M.Sc Thesis

M.Sc StudentBorodach Ilia
SubjectContribution of Visual System to the Stability of
Head-Direction Cell Responses
DepartmentDepartment of Medicine
Supervisor ASSOCIATE PROF. Dori Derdikman
Full Thesis textFull thesis text - English Version


The hippocampus and related regions are playing a role in our working memory, but also in storing and processing of the spatial information. They also include different types of neurons which fire in correlation with the location or the orientation of the rat in space. We focused on Head-Directrion (HD) Cells - neurons which fire with correlation of rat's head-direction. These cells are a kind of biological compass, firing without relation to the location in the environment, but only to orientation. It's now known that HD cells exist at least in those regions: post-subiculum, parasubiculum, retrosplanial cortex, the thalamus, the lateral mammilary nucleus, the dorsal-tagmental nucleus, the striatum and the entorhinal-cortex.

A rat pup opens its eyes only at P15. Two recent papers (Bjerknes et al., 2015; Tan et al., 2015) demonstrated that HD cells are active before eye-opening (they are probably influenced by the vestibular system), but they are not stable and tend to drift. We analyzed the data of (Bjerknes et al., 2015) which was recorded in single units, and we quantified the phenomenon related to time. We compared the data to (Sargolini et al., 2006b; Derdikman et al., 2009; Bonnevie et al., 2013), which was recorded in adult rats. We also had the data divided by the arenas’ geometry-shape (circle and square), and we used it to make comparisons between different arena shapes.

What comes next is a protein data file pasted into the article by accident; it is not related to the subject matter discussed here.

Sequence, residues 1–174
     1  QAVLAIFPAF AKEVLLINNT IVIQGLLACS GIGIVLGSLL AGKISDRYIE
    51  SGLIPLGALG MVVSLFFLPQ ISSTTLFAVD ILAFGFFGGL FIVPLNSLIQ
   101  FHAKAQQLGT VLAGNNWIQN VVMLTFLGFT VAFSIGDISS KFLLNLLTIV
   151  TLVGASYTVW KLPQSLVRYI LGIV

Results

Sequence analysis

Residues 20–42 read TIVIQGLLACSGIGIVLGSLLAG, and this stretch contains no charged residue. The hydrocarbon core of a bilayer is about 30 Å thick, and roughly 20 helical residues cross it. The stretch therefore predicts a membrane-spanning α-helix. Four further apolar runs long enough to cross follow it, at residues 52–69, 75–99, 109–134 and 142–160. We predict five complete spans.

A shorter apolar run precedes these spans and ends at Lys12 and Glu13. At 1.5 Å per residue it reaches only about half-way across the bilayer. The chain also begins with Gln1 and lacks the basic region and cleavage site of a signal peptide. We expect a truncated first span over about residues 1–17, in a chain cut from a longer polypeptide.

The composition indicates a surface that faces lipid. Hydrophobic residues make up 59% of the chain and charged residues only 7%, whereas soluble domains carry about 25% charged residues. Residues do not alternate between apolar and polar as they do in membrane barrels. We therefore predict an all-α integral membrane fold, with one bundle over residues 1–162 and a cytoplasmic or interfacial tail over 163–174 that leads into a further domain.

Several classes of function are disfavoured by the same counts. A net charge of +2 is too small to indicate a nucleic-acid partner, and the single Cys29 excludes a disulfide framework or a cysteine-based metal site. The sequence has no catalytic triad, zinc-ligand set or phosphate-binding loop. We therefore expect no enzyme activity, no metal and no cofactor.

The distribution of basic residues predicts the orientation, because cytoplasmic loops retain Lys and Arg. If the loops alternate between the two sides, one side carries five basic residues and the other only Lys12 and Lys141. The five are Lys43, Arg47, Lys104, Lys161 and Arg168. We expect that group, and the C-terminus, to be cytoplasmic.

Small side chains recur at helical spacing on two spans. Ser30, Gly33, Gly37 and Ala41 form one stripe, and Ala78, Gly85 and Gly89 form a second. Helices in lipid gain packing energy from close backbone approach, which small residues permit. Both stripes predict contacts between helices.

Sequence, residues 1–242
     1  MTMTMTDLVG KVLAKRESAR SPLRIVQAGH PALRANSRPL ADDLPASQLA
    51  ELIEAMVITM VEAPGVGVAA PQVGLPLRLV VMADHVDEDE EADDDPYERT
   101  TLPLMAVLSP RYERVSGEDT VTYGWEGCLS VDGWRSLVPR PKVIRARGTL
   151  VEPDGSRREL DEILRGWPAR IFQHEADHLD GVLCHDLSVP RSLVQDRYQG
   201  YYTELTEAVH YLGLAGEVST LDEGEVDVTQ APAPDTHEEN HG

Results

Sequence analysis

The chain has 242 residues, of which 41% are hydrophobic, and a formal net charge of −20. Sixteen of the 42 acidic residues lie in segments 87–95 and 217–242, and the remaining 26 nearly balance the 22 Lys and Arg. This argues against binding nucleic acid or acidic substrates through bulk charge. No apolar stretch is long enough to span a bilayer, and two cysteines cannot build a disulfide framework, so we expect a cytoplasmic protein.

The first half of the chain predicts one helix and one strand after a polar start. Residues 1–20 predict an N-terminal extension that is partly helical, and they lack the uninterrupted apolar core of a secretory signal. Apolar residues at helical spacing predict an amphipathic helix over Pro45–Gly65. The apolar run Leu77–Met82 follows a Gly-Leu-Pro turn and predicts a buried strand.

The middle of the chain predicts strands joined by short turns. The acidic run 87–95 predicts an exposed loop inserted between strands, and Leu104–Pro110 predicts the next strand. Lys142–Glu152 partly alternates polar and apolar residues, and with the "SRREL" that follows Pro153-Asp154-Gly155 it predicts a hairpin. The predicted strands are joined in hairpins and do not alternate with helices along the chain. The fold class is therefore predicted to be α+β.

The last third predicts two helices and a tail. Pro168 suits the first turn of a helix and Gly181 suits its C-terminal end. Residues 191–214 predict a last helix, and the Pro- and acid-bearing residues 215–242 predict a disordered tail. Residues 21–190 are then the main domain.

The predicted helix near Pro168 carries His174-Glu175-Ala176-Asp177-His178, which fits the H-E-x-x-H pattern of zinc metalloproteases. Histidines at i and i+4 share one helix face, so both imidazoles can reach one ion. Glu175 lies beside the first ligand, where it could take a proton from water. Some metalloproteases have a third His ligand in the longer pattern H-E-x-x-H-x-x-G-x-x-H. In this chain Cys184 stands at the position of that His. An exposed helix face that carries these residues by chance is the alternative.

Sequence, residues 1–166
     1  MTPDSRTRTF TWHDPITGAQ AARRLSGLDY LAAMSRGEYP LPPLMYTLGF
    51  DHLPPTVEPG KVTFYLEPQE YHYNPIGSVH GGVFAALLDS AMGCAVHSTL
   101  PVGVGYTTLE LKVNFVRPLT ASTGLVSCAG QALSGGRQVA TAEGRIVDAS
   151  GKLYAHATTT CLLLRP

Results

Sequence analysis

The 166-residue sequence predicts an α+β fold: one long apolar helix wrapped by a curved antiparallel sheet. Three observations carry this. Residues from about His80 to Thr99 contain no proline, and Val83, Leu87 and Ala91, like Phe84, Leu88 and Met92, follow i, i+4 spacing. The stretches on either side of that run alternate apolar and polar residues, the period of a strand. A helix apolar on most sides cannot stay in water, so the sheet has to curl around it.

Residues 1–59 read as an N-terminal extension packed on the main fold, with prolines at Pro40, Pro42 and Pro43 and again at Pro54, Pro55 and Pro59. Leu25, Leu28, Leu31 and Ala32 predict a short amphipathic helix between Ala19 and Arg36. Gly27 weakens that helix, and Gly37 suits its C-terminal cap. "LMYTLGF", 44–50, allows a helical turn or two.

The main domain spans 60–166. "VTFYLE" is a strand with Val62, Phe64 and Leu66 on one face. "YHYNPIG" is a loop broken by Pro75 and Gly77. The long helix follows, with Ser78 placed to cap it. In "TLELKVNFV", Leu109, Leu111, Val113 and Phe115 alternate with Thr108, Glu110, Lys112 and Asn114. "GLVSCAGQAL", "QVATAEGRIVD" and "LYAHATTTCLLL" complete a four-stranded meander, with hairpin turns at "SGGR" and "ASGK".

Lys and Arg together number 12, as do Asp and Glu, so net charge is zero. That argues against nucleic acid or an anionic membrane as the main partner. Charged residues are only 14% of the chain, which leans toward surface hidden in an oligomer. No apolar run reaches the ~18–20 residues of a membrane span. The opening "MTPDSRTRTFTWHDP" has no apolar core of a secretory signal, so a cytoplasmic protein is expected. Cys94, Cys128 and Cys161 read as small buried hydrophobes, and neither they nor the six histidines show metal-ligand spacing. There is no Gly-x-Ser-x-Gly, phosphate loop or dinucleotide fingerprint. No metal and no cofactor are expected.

We created a new method: we divided the trajectory time to slices of 100 seconds, with jumps of 10 seconds (there is an overlap between the slices), and we measured the "temporary" head-direction of the cell. Relying on this we measured the drift in the cells which were defined as HD cells. We found that the drift after eye-opening was much smaller than the drift before eye-opening, which means that probably the visual system contributes to the stability of HD cells. We also showed that the HD cells continue to improve and become more stable at adulthood.

            We also found that the exponent of the accumulated error is approximately, which may imply that there is a path-integration process for head-direction signal generation in the rat's brain. We further found that, unlike in pups, the accumulated drift in adult rats was close to 0, demonstrating that the signal becomes very stable at maturity.

            We also used the same method to check the difference between circular and square arenas. We found that in rat pups after eye opening there is a major difference between the arena shapes, such that the drift in squares is clearly smaller than the drift in circles. In adult rats we found the same phenomenon but with much smaller difference. This suggests that the geometry of the arena is used by the HD cells in order to correct for errors in orientation.

            In correspondence with the literature, our results thus suggest that HD cells are generated by path-integration mechanisms.